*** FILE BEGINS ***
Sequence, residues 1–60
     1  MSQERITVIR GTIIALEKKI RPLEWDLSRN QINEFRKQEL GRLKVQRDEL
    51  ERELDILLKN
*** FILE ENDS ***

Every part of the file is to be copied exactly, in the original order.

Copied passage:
Sequence, residues 1–60
     1  MSQERITVIR GTIIALEKKI RPLEWDLSRN QINEFRKQEL GRLKVQRDEL
    51  ERELDILLKN